At an altitude of 29,028 feet, the lungs struggle for breath, the eyes may begin to hemorrhage, and the brain reels with hallucinations. The temperature on a good day breezes around minus 40 degrees Fahrenheit. With wind and snow, it can freeze-dry fingertips exposed for an instant.
The human body rebels at being in such a place: its internal engine consumes muscle, tissue and energy like a smelting furnace at Bethlehem Steel.
Bob Reynolds grins a lot when thinking and talking about the ravages of mountain climbing and high altitudes on the body. Mr. Reynolds, a nutrition specialist with the U.S. Department of Agriculture in Beltsville, embarks today on an expedition to Mount Everest in Nepal that could last five months. Part of his mission is professional: He will conduct a nutrition study on how the human body adapts to high altitudes and the merciless rigors of climbing the tallest mountain in the world.
Also, of course, he’s going because it’s there, the peak the mountain Nepalese call the Goddess Mother of the earth, or Chomolungma, presiding over the entire world. It is the peak with which Mr. Reynolds and his friend, Walter McConnell of New Jersey, have labored to make their acquaintance for many years. … ##
Atlantic Lifestyles magazine
By M.K. Guzda
Mention the name McKenzie-Childs and the people looking at the decorative pillows across the display stop and look up.
You know, the artists-slash-home-furnishing makers. They must be British.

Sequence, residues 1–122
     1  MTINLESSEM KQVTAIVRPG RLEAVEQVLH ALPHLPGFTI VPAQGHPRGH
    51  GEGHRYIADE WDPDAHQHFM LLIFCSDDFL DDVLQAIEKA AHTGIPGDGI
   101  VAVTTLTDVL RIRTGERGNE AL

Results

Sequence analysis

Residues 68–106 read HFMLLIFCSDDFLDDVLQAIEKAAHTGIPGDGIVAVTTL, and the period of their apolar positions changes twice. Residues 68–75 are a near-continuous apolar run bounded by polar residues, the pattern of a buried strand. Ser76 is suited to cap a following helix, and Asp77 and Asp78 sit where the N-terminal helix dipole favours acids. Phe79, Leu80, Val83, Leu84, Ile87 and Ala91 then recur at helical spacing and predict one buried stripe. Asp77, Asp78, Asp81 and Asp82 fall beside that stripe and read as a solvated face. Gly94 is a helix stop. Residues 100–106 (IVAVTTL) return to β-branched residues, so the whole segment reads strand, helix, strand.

Lots of people think so. They’re whimsical and creative and very hip at the moment.
Chic? Yes. Exotic? Sometimes. Hard to find? Not any more.
And to think, it all started at the town dump in Aurora, New York. …##
GlobalPost By M.K. Guzda
BOSTON — I’d wondered why they lived there, like cliff dwellers perched in high rises along hillsides, people who lived along the Pacific Ring of Fire or tectonic plates.
Why stay? How often would you think about it? Would you calculate which was better: Living on a lower floor where it’s easier to flee at the first sign of a tremor? Or on a higher floor that once collapsed, would be at the top of the heap and easier to be pulled from?
There were lots of reasons I didn’t want to move to Tokyo: It was expensive, crowded, I would never think quickly enough to wrap my tongue around their language. But earthquakes failed to register when my husband and I were offered jobs too good to decline. Even after I fell in love with the food, the technology, the sweetness of Japanese people and public bathing in hot-spring baths, the specter of being crushed or buried alive made me check my watch somewhat obsessively for four years and ask: Is it time to leave yet? …##
Massacre in Hebron
Baltimore Sun By Doug Struck and M.K. Guzda of the Jerusalem Bureau
HEBRON, WEST BANK — Their foreheads had just touched the carpets as a thread of sun reached the mosque, each worshiper in silent ritual swearing thrice “Glory to my Lord the Most High.”
Then the slaughter began.
“I heard two explosions, and then the sound of shooting,” said Sharif Zahideh, 27. His chest was wrapped in gauze and his bed at the Hebron hospital splotched and red. “The man next to me was killed. Part of his brain came all over my face.”